I stopped by one a few weeks ago that was so poorly lit I thought I was in a cave. The workers were all huddled in a corner looking over MTG cards and actually got mad when I asked if they had a game I wanted. Needless to say, I have no desire to return.


    Perhaps I can add to this topic. I was at that trade show. And I actually think it’s important to point out that this was a Trade Show for retailers, not a “con”. I think the distinction is important to have proper context for the conversations that occurred there.

    I’m in the planning stages of opening up a board game cafe, so a business contact suggested I attend this show. It was very helpful and gave me a lot of insight into how a lot of people in the games industry think. And believe me, this exact topic was discussed a HUGE amount throughout the week-long gathering.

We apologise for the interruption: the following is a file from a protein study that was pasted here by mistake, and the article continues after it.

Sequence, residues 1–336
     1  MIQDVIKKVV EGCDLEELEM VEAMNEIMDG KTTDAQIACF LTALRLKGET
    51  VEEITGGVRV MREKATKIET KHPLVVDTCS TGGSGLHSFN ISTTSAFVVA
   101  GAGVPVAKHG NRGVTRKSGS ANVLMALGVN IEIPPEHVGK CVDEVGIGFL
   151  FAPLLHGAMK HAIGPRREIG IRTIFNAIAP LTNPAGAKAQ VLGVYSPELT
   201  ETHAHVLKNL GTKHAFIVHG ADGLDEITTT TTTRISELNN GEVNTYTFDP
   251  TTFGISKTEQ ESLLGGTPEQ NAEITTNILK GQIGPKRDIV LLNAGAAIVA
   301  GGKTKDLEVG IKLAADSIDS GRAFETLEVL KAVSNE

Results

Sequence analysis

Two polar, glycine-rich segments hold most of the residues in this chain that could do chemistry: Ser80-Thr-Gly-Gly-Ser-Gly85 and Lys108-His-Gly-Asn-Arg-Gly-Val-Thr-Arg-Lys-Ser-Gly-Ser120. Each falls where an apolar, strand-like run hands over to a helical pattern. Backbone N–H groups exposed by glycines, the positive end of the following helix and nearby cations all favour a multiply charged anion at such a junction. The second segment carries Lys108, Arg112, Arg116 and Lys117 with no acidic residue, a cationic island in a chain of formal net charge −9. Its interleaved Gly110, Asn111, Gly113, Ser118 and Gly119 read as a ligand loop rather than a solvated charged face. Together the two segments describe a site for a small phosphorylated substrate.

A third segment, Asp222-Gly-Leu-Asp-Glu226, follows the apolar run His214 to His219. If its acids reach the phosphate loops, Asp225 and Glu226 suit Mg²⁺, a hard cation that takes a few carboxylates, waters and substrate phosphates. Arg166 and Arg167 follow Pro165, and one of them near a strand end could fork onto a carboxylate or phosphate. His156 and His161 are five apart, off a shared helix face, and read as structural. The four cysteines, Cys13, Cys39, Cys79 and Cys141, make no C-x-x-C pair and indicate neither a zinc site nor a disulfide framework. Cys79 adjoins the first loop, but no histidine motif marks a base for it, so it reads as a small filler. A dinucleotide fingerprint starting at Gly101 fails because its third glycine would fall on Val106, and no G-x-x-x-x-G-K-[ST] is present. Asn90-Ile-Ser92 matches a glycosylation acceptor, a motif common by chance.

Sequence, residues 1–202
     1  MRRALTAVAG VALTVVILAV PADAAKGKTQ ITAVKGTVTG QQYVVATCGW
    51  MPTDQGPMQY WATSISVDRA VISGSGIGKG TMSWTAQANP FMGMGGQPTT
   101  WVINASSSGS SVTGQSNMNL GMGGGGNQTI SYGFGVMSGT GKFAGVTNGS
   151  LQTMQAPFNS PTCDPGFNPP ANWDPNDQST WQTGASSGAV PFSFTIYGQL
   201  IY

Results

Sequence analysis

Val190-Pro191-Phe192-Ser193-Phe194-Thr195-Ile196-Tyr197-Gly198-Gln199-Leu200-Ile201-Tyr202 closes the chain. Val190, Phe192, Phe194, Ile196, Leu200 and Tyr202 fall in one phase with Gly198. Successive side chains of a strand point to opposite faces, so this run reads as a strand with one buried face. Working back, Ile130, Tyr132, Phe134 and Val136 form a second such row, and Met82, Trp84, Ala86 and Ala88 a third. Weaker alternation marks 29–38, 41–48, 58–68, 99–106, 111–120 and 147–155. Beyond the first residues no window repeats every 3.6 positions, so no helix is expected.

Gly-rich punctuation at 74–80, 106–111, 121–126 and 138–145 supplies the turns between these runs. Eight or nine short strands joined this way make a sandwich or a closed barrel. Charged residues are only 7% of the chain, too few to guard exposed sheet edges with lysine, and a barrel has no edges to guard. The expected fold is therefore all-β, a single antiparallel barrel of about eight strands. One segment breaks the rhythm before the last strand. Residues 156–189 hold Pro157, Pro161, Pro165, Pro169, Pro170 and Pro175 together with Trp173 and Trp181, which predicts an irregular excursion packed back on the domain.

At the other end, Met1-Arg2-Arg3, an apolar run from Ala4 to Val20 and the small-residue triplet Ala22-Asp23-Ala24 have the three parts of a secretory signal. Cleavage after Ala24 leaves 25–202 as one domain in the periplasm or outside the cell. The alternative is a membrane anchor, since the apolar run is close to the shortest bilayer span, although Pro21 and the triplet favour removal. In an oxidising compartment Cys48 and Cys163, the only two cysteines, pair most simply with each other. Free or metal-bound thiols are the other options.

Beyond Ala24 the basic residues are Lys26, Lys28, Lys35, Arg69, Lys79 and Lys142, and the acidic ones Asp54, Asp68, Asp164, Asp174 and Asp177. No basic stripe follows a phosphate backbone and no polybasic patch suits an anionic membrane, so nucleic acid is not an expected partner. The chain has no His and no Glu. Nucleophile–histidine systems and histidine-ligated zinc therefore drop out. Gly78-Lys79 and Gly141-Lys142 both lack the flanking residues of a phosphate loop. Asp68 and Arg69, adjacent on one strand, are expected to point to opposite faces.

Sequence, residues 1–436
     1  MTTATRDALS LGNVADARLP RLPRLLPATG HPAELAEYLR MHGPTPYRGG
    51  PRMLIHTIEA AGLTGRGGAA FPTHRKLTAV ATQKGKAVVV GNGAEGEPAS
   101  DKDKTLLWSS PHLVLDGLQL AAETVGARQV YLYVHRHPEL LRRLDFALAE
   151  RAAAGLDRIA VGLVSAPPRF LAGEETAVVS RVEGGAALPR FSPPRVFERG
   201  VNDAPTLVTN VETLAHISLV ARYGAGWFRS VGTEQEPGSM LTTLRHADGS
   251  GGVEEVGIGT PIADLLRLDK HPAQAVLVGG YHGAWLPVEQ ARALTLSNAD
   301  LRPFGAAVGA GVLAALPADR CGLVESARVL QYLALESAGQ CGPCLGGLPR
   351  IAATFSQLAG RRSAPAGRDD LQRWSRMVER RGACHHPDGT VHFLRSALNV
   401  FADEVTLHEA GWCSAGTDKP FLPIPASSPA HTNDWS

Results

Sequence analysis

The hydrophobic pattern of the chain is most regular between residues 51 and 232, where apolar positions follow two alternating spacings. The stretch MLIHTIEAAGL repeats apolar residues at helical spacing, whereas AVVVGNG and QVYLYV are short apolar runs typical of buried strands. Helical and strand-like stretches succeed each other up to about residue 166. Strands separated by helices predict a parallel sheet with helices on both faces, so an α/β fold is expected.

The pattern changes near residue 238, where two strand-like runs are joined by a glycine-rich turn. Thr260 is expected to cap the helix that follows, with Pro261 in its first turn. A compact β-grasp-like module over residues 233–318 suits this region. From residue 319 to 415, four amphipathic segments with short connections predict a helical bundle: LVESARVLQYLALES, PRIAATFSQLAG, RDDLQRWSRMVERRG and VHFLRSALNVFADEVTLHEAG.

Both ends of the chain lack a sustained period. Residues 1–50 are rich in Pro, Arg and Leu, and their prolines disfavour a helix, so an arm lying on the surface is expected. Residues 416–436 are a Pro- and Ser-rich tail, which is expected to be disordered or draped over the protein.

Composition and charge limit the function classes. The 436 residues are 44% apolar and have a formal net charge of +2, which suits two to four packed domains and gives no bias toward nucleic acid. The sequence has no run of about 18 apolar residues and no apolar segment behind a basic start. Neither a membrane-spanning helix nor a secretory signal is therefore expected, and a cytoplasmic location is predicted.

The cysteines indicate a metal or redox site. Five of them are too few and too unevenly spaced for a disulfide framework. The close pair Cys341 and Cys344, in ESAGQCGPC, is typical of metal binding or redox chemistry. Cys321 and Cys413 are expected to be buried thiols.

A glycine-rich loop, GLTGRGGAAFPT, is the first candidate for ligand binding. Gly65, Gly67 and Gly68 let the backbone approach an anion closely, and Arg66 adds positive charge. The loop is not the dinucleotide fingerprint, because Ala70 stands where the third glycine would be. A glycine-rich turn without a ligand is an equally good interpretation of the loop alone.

A great number of people, including reps from other publishers, expressed uncertainty toward this initiative. The rep from Iello for example stated their company is going to study the results of this program because they too are in the process of designing a program to achieve essentially the same goal. He’s just “not sure if this is the best way to go about it.”

    But one theme was constant among everyone. That is, “hugely discounted online sales have devalued and commoditized a great portion of the hobby games industry, hurting brick and mortar hobby shops and manufacturers alike. How do we stop this?”

    I’ll sum it up the best I can and then do my best to address any questions.

    The relevant portion of the video –